-John Henry dips a toe into the warm waters of the Isis and Cherwell
I once found, whilst strolling in Christchurch Meadow, a scrap of cardboard about the size of a playing card, lying discarded upon the gravel. On one side had been drawn in pencil a caricature of an unshaven man in a ducal coronet, on the other was written; Pedicabo ego vos et irrumabo. I recognised the Catullus quote, if not the identity of his Lordship. I was struck, though, less by the curiosity of this item as by the incidence of its lying unwanted on the path. It’s always possible that it was a part of some private joke, discarded by accident. But it seems a little more likely to me that it was dropped on purpose, with the precise intention of confusing whomsoever came across it. Oxonians have a bizarre sense of humour.
Oxford has produced some of the finest cultural achievements in the history of British art. Since the early days, she has not been decorated by the highest garlands of academe alone, the laurels of beauty too are draped across her domes and steeples. The spirit that inspired Campion to martyrdom, and Wilde and the aesthetes after him to further degrees of sensation and experience, is very much alive. There is something of sensation that one could be forgiven for describing as very intensely magical in those honey-coloured stones.
Nemesis to diligent, republican, protestant Cambridge, Oxford has long been known to possess a deep loyalty towards all things decadent and aesthetic and to harbour all manner of heresies to the values of the establishment. Oxford’s students tend to be shorter, slower, and deeper than Cambridge’s, more prone to laughter or to tears, more lazy and philosophic in their manner. Thomas Hardy had Oxford form the north-eastern corner of Wessex, and it’s oft been observed that Oxford people incline towards the Celtic West-country type, whereas those attracted to Cambridge are usually tall, serious and waspish.
All that can be said of Oxford’s students can also be said of her natives, except with more surety. Those fortunate enough to have lived all their lives beneath the dreaming spires are a class apart from the rest of the English. A true Oxonian is far more likely to be an artist, to be unstable, to be a Roman Catholic, to be a homosexual, to be an intellectual, and to be proud of one or more of these attributes than his fellow countrymen. He is also far less interested in conventional politics.
For such a diminutive city, Oxford has a marvellously disproportionate number of creative outlets. She also has a fabulous quantity of venues which allow comparatively unwashed home-grown talent to burst out of the box. Pubs such as Port Mahon in Cowley, the admittedly plebeian Wheat Sheaf on the High, and the Jericho Tavern in… well, Jericho (where Radiohead, Supergrass, and Camena all played their first gigs) always manage to provide a lot more than your average regional music scene.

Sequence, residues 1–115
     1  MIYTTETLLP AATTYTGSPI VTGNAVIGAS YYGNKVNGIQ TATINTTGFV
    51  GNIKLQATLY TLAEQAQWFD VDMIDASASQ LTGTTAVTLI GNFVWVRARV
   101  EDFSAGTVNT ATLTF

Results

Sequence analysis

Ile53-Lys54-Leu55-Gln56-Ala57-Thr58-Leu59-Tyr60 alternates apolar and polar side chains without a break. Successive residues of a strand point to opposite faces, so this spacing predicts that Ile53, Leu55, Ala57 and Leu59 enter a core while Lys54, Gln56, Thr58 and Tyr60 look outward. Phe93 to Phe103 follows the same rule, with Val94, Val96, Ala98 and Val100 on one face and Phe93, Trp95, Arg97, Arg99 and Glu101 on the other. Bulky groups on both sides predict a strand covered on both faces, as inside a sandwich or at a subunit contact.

Aside, perhaps, from Edinburgh, Oxford is certainly the best place to go for student and indie theatre. Creation Theatre continue to put on spectacular performances on floss-thin budgets. And the opening up of Blackwell’s basement to the players has created one of the most enterprising and symbolically powerful performance spaces in the country. Add to this Oxford’s own modern art gallery (itself an occasional music venue), and you may come to understand why her residents view this city as the most exciting in the whole of our fair Kingdom. Everything one ought to expect to find in London, one finds here. And Oxonians are not particularly bothered that the chatterers don’t mention that fact. There are enough tourists in Oxford as it is!
There is no single culture of expression in Oxford, no one scene. Movements blossom out of nowhere all the time, making a tremendous and energetic show of life as they grow, and then quickly withering to be replaced by the next big thing. However, it does seem that the current crop of young artists in the Oxford area are a little more motivated than the average generation of dreamers. It is useful that everyone seems to know each other; there are certainly no more than three degrees of separation anywhere in Oxfordshire. And while it may be premature to claim to see a united front presented by the various underground artists developing as I write this, there is an exciting feeling afoot that a good deal can be achieved by artists working in concert.
Oxford has no major poetry publications. Her poetry scene is beatnik at best. But this has allowed her wordsmiths to become hardened and indifferent to the pitfalls of success in the wider critical world. This is one reason Oxford still has it’s own distinct slang and accent (imagine getting on a bus at Clarence House and driving almost all the way to Bristol…). It is also why Oxford has failed for decades to truly affect the culture of the rest of the country (Foals, anyone?). She has long been insular and used to talking to herself, and if this generation intend to make a difference, it is time they allow their pride in their Oxonian identity to propel them towards the big cities elsewhere so that this very worthy vine may begin to show forth its fruit. Otherwise, people like me will just have to keep banging on about it all.